London Affordable Housing Summit

London Affordable Housing Summit

London Affordable Housing Summit

Rise up and join the voices of 1 million Londoners

Affordable Housing is a critical issue for global metropolis. London is facing a housing crisis, driven by growing population and declining house-building numbers – leading to surging house prices, homelessness and other social problems.

London’s population has topped 8.6m, the highest since its 1939 peak. Among which, Hillingdon has had the greatest projected growth in population;  44% of the city’s population are now of black or ethnic minority origins. Mayor Boris Johnson said the figure was predicted to reach 11m by 2050.

On the other hand, house-building numbers during the same period have been at historic lows. Housing associations are not making any more lettings than they did a decade ago, while local authority lettings have fallen. The reduced number of affordable homes available through housing association urgently needs to be addressed.

Londoners can no longer afford to live in London and  home ownership is becoming a distant dream for young people. Our thinking as a country needs to shift, around home ownership and property values. We need to think to the future.

Uprise Policy Forum, and the invite citizens and stakeholders to engage with  policy makers, investors, the leaders in urban planning, construction, architecture, sustainability,design and the built environment. Over a day, we will co-create and  build a sustainable strategy for a London Affordable Housing Plan.

This will be handed  to the main mayoral candidates, No 10 and Treasury to help frame policy and  facilitate  the co-working that needs to happen to shift City Hall  out of stasis into action. It is community-based, people-powered  policy making in action.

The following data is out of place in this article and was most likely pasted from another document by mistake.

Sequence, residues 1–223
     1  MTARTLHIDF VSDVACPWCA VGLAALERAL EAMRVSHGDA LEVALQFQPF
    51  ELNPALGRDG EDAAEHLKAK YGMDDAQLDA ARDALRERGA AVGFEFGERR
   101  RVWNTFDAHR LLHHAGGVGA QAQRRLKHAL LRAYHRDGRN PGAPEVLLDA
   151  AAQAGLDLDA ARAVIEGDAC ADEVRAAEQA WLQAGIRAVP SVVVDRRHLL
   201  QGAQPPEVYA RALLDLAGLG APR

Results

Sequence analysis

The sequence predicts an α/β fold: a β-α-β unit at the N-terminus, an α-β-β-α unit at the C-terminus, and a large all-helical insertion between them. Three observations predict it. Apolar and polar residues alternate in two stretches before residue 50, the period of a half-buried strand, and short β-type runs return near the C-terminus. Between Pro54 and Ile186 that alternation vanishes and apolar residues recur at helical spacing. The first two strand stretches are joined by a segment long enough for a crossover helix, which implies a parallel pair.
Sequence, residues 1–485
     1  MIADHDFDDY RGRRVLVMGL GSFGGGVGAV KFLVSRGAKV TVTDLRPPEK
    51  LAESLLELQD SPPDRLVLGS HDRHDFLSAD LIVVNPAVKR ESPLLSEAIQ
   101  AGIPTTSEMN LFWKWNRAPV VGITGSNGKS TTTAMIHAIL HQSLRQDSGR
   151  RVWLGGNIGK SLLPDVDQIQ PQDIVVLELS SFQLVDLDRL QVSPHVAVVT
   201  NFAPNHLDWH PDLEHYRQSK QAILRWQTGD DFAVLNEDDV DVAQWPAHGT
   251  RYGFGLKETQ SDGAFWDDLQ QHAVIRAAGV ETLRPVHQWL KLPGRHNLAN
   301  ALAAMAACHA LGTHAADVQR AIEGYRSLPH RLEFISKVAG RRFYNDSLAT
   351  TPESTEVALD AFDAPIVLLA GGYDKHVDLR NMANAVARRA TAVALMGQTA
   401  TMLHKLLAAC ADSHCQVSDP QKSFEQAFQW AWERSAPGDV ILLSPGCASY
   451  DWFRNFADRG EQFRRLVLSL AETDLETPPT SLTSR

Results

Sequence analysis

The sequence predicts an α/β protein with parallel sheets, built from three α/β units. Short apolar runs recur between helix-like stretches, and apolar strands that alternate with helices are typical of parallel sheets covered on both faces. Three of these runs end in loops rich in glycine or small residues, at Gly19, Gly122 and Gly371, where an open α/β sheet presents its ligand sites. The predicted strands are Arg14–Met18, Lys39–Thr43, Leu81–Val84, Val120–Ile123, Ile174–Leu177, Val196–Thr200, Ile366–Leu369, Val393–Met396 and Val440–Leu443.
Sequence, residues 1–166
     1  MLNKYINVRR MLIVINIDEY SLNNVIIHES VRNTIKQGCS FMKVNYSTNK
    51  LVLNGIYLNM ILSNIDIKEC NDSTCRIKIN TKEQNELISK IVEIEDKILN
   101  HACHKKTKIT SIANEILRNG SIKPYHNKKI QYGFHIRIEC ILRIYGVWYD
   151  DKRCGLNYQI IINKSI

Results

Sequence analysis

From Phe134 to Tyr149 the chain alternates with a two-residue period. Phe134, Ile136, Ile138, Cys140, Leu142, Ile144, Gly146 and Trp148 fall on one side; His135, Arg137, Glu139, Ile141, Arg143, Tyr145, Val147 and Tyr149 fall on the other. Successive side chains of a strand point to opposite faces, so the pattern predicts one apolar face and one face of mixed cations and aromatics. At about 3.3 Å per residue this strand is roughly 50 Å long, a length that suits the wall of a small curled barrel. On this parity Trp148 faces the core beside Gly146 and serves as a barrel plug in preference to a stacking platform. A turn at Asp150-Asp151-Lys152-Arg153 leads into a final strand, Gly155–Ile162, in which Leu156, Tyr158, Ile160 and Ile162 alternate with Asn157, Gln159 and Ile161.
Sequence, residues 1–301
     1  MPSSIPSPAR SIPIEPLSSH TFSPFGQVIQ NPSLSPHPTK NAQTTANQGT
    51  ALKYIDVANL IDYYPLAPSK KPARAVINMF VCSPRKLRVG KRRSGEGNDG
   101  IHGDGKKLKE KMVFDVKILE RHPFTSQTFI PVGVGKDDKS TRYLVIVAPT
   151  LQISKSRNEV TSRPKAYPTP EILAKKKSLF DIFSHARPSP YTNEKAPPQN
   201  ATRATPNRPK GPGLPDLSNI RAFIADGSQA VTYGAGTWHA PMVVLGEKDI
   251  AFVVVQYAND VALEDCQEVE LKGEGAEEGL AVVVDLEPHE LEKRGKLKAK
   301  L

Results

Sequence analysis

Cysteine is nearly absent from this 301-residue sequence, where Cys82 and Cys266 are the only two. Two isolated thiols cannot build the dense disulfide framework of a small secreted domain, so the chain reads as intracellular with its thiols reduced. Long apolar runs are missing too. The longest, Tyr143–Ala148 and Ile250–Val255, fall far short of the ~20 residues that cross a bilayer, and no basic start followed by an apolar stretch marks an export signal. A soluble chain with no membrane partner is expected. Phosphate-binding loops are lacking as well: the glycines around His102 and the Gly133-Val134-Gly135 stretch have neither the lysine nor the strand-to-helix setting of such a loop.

London Affordable Housing

Keynote: Lord Victor Adebowale , Chair London Fairness Commission & CEO Turning Point  (invited)
Guy Battle, CEO The Social Value Portal, Founder Battle McCarthy Civil Engineers

Mayoral Candidates , 7 minutes each on ONLY their affordable homes policy – no slides, no speeches, no grandstanding.

The Social Policy

– The Good and their Great Ideas

CIVA ( Centre for Innovation in Voluntary Action)
Generation Rent
London Fairness Commission

What can be done to lift us from housing scarcity?
Places for People / Affinity Sutton
tp bennett architects / Thomas Heatherwick
Land Securities / British Land / Balfour Beatty

The Investment

Who pays and why?

HSBC / Lloyds – head of Real Estate
Allia Charitable Bond/Co-op
Big Issue Invest
Crowdfunder Property Moose / Property Partners/ Property Crowd / Crowdcube
CEO EasyProperty
Blackstone Property Fund

London Affordable Housing Crisis – Key Statistics

1.4 million households – more than three million people – on council housing waiting lists

61,970 households are in temporary accommodation – a 21% increase compared with 2010

Among which, 90,450 children are living in temporary accommodation

Average London property costs £503,431, 14 times of a Londoner’s average earnings of  £35,238 a year

1/2 private renting housing benefit claimants in London are working, compared to 1/3 in the rest of England.

Londoners have to save £179,248 for their deposit on an average London property costing £503,431, where average earnings are  £35,238 a year. A Londoner’s average rent bill is  £1,500.  Home ownership is being reduced to an unachievable aspiration

The Housing Benefit bill for London reached £6bn in 2015

Housing benefit claims in London peaked in 2013 at 850,000 and fell to 820,000 in 2015. The social rented sector accounted for 560,000 claims and the private rented sector 270,000.

In London, renters are having to find £3,735 by way of a deposit and estate agent fees before moving into new accommodation

In the year up to April 2014, 42,870 affordable homes were built in England, lowest amount built in any year since 2004/5.

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